While we await details on the rewards in the West ahead of the launch of My Nintendo and Miitomo on 31st March, we already know from the Japanese programme how Platinum rewards focus on activities across the social app, the eShop and Miiverse. Add to that incentive to connect social media accounts, and we can see that Nintendo is embracing (at last) the idea of engaging with the broader world to be found on the internet. Having previously operated in a walled garden while competitors loosened up, Nintendo is offering more gateways to its platform, albeit not bulldozing the walls in full.
The service is far more dynamic than its predecessors too - some rewards and discounts will be catered to an individual's buying habits or to celebrate their birthday, and future plans include 'sign-in' bonuses for those visiting or participating in specific events in the real world. There's the potential for concepts like StreetPass, SpotPass and general connectivity to be greatly enhanced, crossing the boundaries of dedicated Nintendo systems to reach our phones, tablets, PCs and Macs.
On top of that we have the long-promised overhaul in Nintendo's eShop selling via web browsers. It's not a new idea, and Nintendo of America has offered the service on major releases for some time, but the global roll-out of improved online stores is more than welcome. The scale of it is the most pleasing aspect, as over 2000 games will be available to buy online via the web store, and using the NNID and Nintendo Account purchases will download automatically to hardware. By including the full libraries (or so it seems) of the 3DS and Wii U stores Nintendo is stepping up its offerings of download content.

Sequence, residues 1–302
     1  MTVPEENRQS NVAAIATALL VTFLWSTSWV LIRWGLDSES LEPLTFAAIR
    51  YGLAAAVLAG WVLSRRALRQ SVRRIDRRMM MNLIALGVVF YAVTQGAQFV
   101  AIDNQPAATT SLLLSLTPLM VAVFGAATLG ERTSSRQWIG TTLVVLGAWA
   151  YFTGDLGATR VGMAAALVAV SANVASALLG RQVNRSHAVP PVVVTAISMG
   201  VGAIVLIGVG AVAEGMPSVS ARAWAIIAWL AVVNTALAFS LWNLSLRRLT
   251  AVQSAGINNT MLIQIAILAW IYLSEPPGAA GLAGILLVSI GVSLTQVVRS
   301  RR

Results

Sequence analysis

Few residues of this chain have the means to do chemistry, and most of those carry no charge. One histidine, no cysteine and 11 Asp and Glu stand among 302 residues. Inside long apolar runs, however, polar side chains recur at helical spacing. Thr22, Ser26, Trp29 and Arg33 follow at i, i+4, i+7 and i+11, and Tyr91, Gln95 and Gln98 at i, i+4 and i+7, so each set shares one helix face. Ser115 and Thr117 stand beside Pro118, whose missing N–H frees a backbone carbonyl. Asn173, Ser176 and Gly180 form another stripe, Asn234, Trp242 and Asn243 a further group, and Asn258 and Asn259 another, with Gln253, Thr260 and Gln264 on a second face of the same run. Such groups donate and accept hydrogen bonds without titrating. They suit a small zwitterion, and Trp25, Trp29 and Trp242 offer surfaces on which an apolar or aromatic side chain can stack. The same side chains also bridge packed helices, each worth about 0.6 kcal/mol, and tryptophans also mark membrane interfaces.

All of this helps brings platforms together, and importantly offers greater convenience for all of us. Whether picking up My Nintendo coins through regular activity or browsing the eShop while out and about, it all points to a far more integrated future. Last year we reported how Nintendo had dropped out of Interbrand's "Best Global Brands" Top 100. Interbrand spoke about the importance of "mecosystems", saying the focus for companies is to "create customized experiences around a single individual, where every brand in consideration slots in seamlessly". Nintendo isn't there yet, but its updated account system is a strong step in the right direction.
All of this will continue to improve in months to come, of course, not just through Nintendo's NX generation but also with the arrival of more Mobile apps. The fact that Wii U and 3DS are included at this stage is a bonus, however - it points to the ongoing importance of the eShop as a brand, and gives a little hope that the Wii U and particularly 3DS have a role to play for a while yet. This applies to a future as budget hardware, but hopefully some backward compatibility on hardware to come - only time and facts will determine that outcome.
In any case, we're rather excited about the Western arrival of the My Nintendo loyalty programme and, yes, Miitomo. We don't expect either to be perfect on day one, but both represent another small but steady step forward into a fully integrated and connected Nintendo future.